Nghi and Jessica Tran

Summer 2017 Ministry Update

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Looks like a vacation, doesn't it?
It has all the elements...beach, water, sunglasses, and hats, but what's missing? Shovels and swimsuits! This is us in Japan. More specifically, this is all 6 of us on a "school outing" in Kamakura with Nghi's Japanese class doing what we're called to do. Be present. Learn language. Build relationships. So our kids got a mere 20 minutes to peek into a couple tide pools before continuing on to visit a temple, eat soba, and visit a teacher's home. Was it worth the two hour trip there and back? Yes! Do we have a great idea for a fun spot to revisit? Yes! One of our core values is "We will minister together as a family." As much as possible this is our goal.

LANGUAGE LEARNING
Another core value that truly characterizes our almost one year of being in Japan..."Language is ministry." (E. Thomas Brewster)

宣教師も普通の人間です。
せんきょうしもふつうのにんげんです。
Senkyoushi mo futsuu no ningen desu.

The C&MA requires missionaries to spend two full years for language learning. As for us, we are one year into our study of this complex language. In terms of speaking, Japanese has less sounds than English. For that reason, there are many words that sound exactly the same. Writing is even more complicated. The three lines written above are actually the same. Each line represents a different writing system. The first line is a combination of Kanji (Chinese characters) and Hiragana (Japanese characters). The second line is all Hiragana. The third line is all romaji which is often used for foreigners who begin to learn the language. Since newspapers use many Kanjis, only people with a high school education and up can read it.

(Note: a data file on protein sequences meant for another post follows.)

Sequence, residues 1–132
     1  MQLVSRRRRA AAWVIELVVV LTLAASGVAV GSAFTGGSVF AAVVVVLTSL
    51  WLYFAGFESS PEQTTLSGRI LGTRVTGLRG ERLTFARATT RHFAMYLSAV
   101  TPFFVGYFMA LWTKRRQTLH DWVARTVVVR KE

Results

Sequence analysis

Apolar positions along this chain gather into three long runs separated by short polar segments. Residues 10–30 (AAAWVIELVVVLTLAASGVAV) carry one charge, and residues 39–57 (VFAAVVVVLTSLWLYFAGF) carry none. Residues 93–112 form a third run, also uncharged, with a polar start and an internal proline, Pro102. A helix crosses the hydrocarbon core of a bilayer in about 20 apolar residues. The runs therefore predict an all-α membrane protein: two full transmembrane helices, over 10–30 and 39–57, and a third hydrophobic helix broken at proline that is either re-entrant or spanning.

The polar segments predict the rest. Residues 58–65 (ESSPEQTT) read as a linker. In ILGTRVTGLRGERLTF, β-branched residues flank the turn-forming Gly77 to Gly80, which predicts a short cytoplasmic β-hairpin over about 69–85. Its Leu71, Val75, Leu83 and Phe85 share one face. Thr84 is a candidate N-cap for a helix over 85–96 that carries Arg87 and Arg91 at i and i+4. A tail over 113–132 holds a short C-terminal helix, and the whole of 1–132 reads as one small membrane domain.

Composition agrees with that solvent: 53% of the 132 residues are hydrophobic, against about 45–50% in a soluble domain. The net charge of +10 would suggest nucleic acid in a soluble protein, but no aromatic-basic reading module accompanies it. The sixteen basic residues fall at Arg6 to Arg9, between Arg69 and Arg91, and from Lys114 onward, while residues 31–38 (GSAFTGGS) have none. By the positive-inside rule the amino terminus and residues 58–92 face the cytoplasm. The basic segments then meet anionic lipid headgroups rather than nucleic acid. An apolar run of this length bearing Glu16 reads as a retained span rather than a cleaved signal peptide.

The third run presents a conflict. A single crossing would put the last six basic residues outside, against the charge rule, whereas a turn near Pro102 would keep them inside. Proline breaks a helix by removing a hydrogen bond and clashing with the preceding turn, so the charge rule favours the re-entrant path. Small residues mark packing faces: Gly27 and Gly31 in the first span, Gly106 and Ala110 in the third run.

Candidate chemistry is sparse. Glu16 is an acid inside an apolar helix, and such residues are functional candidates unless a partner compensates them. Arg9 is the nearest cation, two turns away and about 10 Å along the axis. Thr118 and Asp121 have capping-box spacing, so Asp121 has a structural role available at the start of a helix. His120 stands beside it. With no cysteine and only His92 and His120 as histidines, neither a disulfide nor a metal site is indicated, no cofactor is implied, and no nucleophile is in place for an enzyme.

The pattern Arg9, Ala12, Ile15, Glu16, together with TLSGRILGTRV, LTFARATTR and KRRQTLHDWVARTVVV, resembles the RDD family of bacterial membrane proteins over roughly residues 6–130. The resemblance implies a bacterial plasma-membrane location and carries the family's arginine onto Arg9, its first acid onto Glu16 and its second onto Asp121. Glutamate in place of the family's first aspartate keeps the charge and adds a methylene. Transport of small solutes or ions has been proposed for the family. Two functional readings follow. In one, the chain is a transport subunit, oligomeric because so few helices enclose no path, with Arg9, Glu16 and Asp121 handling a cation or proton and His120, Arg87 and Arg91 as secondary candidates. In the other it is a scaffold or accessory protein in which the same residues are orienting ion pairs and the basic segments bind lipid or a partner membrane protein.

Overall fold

The meaning of this sentence is, “Missionaries are also normal people.” We live life as normal people do. We eat, we sleep, we work, we play. The new normal for us is to do these things in a different culture using a new language. Every morning, we take our four kids to school. We ourselves also go to school. Language learning is our full-time job during this period of our missionary life.

THE NEED
Having been in Japan for more than 10 months, we have witnessed both the positive and negative sides of Japan. A very clean and beautiful country with advanced technology, Japan welcomes millions of tourists each year. Yet, we see a tired and overworked people even to the point of death. Suicide rate (http://www.businessinsider.com/japan-rethinks-work-life-balance-after-suicide-2016-12) relating to overwork is increasing. People sleeping on the train, idols on the corners of streets, sexually explicit magazines available in public, homeless and drunk people on the streets…Recent studies show young people in Japan rank among the least happiest in the world (http://www.japantimes.co.jp/opinion/2017/05/01/commentary/japan-commentary/japanese-teens-glum/) .

The need for the Gospel is even more urgent where on average there is one church for every 16,000 people. The numbers are worse in northern Japan. Seventy percent of Japanese pastors are age 50 and older. Since the population is aging quickly, churches in Japan are also declining at the rate of -0.4%. see Church (https://omf.org/blog/2017/01/17/japan-mission-church-infographic-team/) stats (https://omf.org/blog/2017/01/17/japan-mission-church-infographic-team/)